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Culture Anti-patternsλ︎

Most anti-patterns stem from attempts to control or dictate actions of people within the organisation.

Cultural adoption and effectiveness comes from collaboration and deep feeling of inclusion in defining the organisational culture.

Initial draft - feedback welcome

Perk Cultureλ︎

Introducing perks like video game consoles, pool tables, etc can provide some basic interaction for people in the organisation.

Perks are separate from the work that people are doing so serve as a distraction to help people wind-down.

Howerver, perks alone are very limited as they are not connected to the work and not really part of an effective culture.

Perks can also be a source of division and conflict, especially when they are made overly competitive or not equally accessible.

Imposed Cultureλ︎

Top-down cultural ideas may start a conversation within an organisation about the culture they value.

Top-down cultural decrees impose specific cultural aspects that are often rejected or ignored by the organisation because they are not relevant to individual people within the organisation.

Imposing a culture will stifle the adoption of cultural ideas and turn people away from discussing cultural aspects that are relevant.

Homogenious cultureλ︎

Cultural homogenization is the reduction in cultural diversity through popularization of customs, ideas and values.

When culture is the same then everyone must act the same, leaving no room for cultural growth.

As an organisation grows it may try too hard to maintain a particular culture, to the exclusion and detrement of other cultural ideas. This can go as far as new hires being a carbon copy of existing people, which can stifle innovation and limit resilience to change.


Cultural homogenization is a central aspect of a global culture.

Homogenization can breakdown cultural barriers and yet force the global adoption of a single culture, removing different identities and culture to form a mono-culture.

David E. O'Connor defines cultural homogenization as "the process by which local cultures are transformed or absorbed by a dominant outside culture".

Globalisation is used in the context of Western culture dominating and destroying other cultures. However, cultural homogenization is not one-way and involves many cultures mixing with people adopting various elements from other cultures.

Blame Cultureλ︎

When people resourt to blaming others for failure, this is a blame culture.

Blame becomes systemic within the organisation and it becomes easier to pass the failure off as someone elses fault.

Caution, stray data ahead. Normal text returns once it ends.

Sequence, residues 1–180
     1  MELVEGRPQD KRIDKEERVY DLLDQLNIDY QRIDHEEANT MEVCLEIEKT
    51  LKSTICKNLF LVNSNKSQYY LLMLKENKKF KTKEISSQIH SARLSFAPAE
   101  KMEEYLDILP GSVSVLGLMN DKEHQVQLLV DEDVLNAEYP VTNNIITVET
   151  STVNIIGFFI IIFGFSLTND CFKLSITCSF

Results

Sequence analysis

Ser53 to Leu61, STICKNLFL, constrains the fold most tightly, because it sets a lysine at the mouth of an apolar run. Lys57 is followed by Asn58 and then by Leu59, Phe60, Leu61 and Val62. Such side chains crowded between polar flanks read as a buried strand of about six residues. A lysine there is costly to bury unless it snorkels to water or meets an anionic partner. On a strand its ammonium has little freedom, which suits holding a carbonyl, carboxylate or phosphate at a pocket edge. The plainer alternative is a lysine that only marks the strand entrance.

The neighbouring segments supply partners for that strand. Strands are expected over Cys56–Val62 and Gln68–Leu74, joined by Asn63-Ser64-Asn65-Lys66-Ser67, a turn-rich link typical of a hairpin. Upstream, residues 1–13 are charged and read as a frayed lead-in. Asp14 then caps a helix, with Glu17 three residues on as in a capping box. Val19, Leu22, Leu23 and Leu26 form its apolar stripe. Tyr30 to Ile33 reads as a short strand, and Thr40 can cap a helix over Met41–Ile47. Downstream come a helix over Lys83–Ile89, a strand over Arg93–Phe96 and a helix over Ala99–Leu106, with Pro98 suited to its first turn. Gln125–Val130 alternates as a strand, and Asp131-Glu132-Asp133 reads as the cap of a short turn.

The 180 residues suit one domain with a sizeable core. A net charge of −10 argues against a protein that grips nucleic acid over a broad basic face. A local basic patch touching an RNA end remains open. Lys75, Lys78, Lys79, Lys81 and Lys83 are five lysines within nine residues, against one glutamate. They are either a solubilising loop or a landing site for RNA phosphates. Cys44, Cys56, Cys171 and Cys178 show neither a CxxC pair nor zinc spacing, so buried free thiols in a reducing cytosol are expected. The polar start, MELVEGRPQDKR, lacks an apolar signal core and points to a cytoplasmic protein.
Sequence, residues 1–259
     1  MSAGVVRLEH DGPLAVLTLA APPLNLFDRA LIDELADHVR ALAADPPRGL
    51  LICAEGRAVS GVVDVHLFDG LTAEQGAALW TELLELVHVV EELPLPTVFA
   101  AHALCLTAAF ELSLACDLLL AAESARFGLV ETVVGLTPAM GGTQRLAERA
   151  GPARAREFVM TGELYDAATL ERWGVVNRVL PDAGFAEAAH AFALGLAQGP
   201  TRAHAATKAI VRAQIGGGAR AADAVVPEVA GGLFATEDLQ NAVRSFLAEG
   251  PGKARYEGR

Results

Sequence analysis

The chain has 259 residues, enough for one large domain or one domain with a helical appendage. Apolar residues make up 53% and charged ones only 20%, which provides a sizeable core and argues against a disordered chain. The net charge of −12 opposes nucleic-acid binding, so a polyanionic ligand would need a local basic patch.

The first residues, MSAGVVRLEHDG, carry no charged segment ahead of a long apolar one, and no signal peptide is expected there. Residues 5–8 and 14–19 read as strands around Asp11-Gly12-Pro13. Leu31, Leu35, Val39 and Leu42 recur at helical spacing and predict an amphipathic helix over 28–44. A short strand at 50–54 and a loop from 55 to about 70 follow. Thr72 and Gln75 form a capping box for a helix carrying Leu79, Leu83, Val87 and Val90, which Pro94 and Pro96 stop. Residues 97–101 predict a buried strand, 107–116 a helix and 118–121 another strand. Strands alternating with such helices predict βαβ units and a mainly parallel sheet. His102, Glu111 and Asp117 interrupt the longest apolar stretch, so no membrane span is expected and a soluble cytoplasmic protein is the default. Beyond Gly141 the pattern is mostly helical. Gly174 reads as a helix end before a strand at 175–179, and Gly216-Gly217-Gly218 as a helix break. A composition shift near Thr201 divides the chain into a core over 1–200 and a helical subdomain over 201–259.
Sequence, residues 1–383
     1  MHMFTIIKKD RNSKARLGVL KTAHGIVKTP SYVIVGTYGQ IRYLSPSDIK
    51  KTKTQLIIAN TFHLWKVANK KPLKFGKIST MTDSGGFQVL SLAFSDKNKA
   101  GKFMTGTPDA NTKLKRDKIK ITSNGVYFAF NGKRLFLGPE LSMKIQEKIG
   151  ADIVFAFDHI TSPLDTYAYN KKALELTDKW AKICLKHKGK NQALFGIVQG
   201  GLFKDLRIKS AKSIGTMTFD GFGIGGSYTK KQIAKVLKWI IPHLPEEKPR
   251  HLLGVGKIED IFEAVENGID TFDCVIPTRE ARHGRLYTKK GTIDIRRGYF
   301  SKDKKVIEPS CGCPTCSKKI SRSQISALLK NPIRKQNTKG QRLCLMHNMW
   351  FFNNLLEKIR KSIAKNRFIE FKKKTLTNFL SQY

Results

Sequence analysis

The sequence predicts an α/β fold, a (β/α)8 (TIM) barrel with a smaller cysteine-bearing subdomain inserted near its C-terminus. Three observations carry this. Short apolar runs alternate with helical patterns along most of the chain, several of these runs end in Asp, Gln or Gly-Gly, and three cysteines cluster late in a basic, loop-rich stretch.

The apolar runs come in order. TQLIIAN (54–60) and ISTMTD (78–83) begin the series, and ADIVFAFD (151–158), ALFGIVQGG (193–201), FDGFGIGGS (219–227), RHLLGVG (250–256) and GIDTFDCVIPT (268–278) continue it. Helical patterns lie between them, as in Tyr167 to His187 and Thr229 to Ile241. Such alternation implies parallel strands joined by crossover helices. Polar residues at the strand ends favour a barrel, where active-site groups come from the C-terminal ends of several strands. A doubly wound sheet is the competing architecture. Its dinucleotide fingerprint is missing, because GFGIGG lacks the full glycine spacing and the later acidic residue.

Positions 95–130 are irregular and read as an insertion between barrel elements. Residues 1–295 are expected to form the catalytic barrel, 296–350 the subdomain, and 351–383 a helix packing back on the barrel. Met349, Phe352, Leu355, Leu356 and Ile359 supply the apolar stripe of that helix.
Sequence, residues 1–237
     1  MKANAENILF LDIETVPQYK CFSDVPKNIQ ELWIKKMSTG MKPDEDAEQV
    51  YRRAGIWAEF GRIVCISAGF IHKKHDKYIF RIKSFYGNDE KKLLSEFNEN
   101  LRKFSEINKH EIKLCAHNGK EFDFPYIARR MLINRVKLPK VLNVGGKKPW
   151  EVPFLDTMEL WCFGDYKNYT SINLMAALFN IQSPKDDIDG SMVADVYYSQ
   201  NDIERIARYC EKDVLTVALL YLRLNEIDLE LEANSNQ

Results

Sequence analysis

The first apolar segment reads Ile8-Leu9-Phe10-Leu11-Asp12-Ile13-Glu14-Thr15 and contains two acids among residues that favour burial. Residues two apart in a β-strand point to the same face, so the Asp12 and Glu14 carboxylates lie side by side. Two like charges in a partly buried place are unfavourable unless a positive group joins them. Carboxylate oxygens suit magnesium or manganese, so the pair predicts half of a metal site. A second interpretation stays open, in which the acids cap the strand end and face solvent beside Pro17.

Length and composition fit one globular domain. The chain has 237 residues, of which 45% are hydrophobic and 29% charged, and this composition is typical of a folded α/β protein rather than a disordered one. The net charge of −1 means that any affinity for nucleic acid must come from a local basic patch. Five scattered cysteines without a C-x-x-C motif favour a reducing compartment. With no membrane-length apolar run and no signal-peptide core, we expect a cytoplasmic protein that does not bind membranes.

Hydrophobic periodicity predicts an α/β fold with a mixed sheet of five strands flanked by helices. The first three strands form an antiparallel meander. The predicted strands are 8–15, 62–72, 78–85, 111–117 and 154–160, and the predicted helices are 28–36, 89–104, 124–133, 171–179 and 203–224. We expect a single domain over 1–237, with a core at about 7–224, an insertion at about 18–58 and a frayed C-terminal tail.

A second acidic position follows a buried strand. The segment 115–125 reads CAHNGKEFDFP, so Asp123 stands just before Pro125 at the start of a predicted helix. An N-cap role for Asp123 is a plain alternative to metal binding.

Managers may blame the people they are responsible for when

  • the manager does not properly understand the type or amount of work involved for the people they manage
  • poorly support those people to carry out realistic amount of work
  • micro-manage people
  • assiging conflicting priorities without any sense of value
  • just get it done approach
  • separate from the day to day work

Its Not A Blame Culture

Managers and staff start saying "this isnt a blame culture" when the organisation has alread decended into blame culture.

When an organisation is truely not a blame culture, then there should not be a need for anyone to say, "this isnt a blame culture"

individual blameλ︎

When mistakes do occur then it is far too simple to blame the individual that was the trigger (e.g. the person who deleted a database table in production)

When discussing individuals involved in mistakes, it should always be framed as the action that was at fault and not the person carrying out that action.

The system a person was able to make a mistake in was the actual root cause of the issue.

The events that lead up to the mistake happening should be reviewed as part of a root cause analysis. This should include technical, process and cultural aspects as potential influencers of the mistake.

A Culture change that isntλ︎

Change that doesnt actually change anything, but often has new words for things instead.

An insurance company realised they were drastically loosing out against their competition, dropping from a strong 1st to a weak 6th (out of 6) in the last year.

The Prince2 process was percieved as one of the constraints to success for the company, so they scheduled a two day workshop to devise a more effective process that worked for all

Whist there were representatives from across the company, the workshop predominantly consisted of project managers (most of their projects were blocked or being implemented by engineering teams)

The workshop was structured and facilitated and many great ideas were discussed and presented.

By the end of the workshop a new process had been created, which when looked at with dispationate eyes was mostly Prince2 with a few nods to agile terms. So infact nothing had actually changed, except for introducing a new name.

I asked one of the main internal stakeholders (in charge of overall direction) what was the unique selling point of the company. This question seems to catch the stakeholder off-guard, even though I had assumed it should be forefront in peoples minds.

Eventually the stakeholder said: "Its just insurance, there isnt any difference"

It was a few days after that revelation I started planning on an exit strategy from the company. Six months later, I had left and out of the original 164 people in the IT department, only 9 people remained. The company had been aquired by stakeholders who knew what they valued, selling off much of the company they did not value.

Macheaveleon Culture

A focus on gaining individual power through manipulation and control, with the precept that it is for the greater prosperity of those being controlled.

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